Welsh alternative folk band 9BACH is one of the bands that we are looking forward to seeing the most at WOMADelaide this weekend. Jen and Martin from the band took some time out from their busy touring schedule to chat to Glam Adelaide.
Your band name can be interpreted as “small grandmother” if we were to take it in a more vernacular context, rather than how it reads on paper. What is the origin of this name?
It’s a play on words- we wanted almost a bilingual name, from the start it was important to us that the non welsh speaking audience could relate to the name. 9 is a number, generic and dull, Nain is your grandmother, cozy and real. It’s interesting how something in two neighbouring languages can sound the same and mean such different things!
Welsh is a language that we don’t hear about too much in Australia. Have you spoken it your whole life and is there a greater cultural significance to incorporating it into your music?
JEN: I have indeed, it’s my mother tongue. A gift from my mother and my community and country. I did my education in Welsh, I played in Welsh and I’ve worked most of my professional life in Welsh. Singing in Welsh is instinctive and natural and not a conscious decision, I create, I write songs that happen to be in the Welsh language because that is me- it’s who I am…when I vomit songs they come out as my “default setting language”
Whilst the music obviously does have strong traditional elements, it also sounds like there are more progressive indie rock influences intermingled in the arrangements. Is there a deliberate mindset, or set of “rules” to how the band manages this eclecticism?
MARTIN: No major rules as such, apart from every part must justify itself, don’t add too much just for the sake of it. We always start with the vocals, and everything else is built around that, to compliment them. I think the eclecticism comes across because of our wide and varied tastes, from Prince, Josh Wink, Jane’s Addiction, Primal Scream, etc etc etc When we start to write and arrange an album we tend to stop listening to any other music, so as we’re not influenced by anything! Hopefully that’s where our “unique” sound that some people have pointed out comes from!
In your music it sounds like the bass has a more prominent role within the song construction, going beyond a conventional role within a rhythm section. Is there a deliberate move to have the bass fill up more of the body of the music to create a more ominous, haunting element?
MARTIN: YES! Every part and instrument is important, and I think the conventional role in a rhythm section for a bass is boring, let everything, including the bass, stand out and be remembered, that’s not going to happen with a standard, 1,2,3,4, bass keeping the beat. After Lisa has come up with the vocal melody then I’ll arrange the instrumentation around that, and I ALWAYS start with the bass, that’s the heartbeat, and pulse of the song, and the danger is if you don’t start with it, then you will end up with a standard bass line. So I spend quite a bit of time getting the bass line right for the vocals and interesting and memorable within the song. When we come to recording the songs, it’s quite easy to put the bass high up in the mix without it drowning anything else out. BASS IS ACE!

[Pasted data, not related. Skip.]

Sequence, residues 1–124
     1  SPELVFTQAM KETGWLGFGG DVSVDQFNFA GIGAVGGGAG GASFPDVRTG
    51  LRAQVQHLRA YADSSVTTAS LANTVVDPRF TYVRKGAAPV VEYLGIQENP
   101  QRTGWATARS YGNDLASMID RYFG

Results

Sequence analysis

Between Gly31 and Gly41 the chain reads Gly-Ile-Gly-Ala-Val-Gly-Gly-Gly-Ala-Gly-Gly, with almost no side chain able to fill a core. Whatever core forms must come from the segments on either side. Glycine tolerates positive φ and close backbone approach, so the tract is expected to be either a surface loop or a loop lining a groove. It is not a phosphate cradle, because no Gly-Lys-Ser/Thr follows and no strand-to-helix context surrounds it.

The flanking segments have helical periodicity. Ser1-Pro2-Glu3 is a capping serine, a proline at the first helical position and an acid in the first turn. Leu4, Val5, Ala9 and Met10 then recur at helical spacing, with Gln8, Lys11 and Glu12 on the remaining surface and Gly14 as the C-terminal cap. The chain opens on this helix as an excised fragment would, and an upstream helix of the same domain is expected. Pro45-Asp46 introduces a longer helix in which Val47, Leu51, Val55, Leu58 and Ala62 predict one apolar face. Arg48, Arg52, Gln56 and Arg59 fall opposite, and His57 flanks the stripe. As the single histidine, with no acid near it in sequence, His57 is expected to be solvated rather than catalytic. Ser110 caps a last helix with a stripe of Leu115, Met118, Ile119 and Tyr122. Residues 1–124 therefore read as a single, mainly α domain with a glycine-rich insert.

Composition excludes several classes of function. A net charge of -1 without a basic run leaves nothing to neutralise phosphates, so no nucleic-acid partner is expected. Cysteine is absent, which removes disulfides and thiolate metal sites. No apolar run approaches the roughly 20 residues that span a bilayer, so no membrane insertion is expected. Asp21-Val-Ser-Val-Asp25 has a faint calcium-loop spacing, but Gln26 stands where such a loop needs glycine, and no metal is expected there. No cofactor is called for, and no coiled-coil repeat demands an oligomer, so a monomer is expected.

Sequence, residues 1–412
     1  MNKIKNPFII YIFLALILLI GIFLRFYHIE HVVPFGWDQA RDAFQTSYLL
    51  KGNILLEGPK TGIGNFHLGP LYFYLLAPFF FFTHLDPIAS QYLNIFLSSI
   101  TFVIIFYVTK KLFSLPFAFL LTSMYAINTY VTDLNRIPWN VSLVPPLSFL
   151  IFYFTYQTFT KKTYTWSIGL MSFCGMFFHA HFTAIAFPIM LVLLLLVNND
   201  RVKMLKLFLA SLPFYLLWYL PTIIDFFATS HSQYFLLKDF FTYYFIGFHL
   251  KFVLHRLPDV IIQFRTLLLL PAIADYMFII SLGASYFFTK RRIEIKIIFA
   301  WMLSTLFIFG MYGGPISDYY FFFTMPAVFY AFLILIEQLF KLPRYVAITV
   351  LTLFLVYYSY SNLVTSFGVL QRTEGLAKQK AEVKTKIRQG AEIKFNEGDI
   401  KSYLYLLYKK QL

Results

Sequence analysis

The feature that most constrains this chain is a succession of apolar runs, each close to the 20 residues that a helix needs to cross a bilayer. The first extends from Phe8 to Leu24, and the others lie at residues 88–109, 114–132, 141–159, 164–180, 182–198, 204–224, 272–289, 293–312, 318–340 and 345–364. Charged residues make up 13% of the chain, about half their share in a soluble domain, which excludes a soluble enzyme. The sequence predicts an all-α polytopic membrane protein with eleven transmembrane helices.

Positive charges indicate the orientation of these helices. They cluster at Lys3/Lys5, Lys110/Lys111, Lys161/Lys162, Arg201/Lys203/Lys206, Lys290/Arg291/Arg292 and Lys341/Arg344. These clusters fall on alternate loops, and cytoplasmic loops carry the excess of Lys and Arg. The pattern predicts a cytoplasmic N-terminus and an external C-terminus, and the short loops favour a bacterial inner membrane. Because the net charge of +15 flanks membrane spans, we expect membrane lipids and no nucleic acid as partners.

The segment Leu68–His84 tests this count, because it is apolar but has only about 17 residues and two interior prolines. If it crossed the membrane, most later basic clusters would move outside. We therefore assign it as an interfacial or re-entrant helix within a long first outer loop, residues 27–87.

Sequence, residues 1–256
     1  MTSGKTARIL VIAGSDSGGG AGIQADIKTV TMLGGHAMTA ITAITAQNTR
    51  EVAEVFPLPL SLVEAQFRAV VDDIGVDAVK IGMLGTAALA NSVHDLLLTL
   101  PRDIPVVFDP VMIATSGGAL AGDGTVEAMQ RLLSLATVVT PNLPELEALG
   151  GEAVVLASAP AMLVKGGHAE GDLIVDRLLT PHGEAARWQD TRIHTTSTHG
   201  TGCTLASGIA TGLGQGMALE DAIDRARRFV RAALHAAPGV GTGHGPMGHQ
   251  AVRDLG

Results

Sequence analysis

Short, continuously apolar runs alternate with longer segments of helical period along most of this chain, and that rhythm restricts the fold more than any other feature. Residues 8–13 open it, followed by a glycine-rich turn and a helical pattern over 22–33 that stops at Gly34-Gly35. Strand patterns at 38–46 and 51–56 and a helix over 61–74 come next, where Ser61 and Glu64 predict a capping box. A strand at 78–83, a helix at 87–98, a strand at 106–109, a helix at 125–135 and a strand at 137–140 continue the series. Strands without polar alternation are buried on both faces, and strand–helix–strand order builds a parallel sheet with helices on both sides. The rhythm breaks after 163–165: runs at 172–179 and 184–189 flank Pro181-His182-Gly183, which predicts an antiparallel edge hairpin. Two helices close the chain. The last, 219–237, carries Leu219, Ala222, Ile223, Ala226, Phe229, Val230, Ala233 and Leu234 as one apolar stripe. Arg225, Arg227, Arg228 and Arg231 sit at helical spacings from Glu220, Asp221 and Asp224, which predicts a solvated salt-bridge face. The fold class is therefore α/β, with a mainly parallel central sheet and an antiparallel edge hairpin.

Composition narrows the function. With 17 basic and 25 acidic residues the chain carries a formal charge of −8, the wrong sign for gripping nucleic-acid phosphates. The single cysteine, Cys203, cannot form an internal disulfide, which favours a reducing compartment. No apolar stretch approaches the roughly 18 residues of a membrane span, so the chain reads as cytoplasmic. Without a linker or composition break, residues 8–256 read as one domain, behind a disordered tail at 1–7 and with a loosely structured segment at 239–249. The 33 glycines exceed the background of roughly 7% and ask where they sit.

It sounds like a lot of the intensity of your music comes through clever use of textures, brought about through the use of a variety of instruments including harps and glockenspiels. At what point of composition do you decide what instruments to use, does it come out of a jam, or do you form rough ideas in your head and then transpose these ideas to paper?
MARTIN: it varies, sometimes by the time the vocals and bass line are worked out, I’ve heard the song enough times that I have the other parts and hook lines flying around in my head, and its a case of trying them out on the different instruments to see which works best. Other times I’ll just play around on the different instruments, they’re laid out differently, so can inspire different things, which is interesting, and fun, although sometimes you can end up with too much, and have to get rid of a few parts which you love! Nothing ever gets written down on paper!
Naturally as most listeners wouldn’t understand the lyrics, there is a mysterious element to the lyrical themes. What do you tend to sing about and do you try to keep the themes contemporary or timeless?
I can only sing about the things I care about. A story that moves me, anything that makes me emotional, or makes me angry or sad or cross. I need to feel the emotion in my womb, or my belly or my heart. I wrote one of my first songs in the back of a 4×4 driving to Papunya in NT, because I’d become familiar with Archie Roach’s song Took The Children Away. I’d spent a lot of time with members of The Black Arm Band, I was moved, I cried, I felt furious about what happened, so I wrote a song called Plentyn – it means Child, and it’s about the Stolen Generation. I sing about the last remaining male white rhino, and question who are we? And what are we doing to this world. I sing about Ivan, the boy in Moscow who grew up with a pack of wild dogs. The songs can be political and yet about nature- never about love! Ha!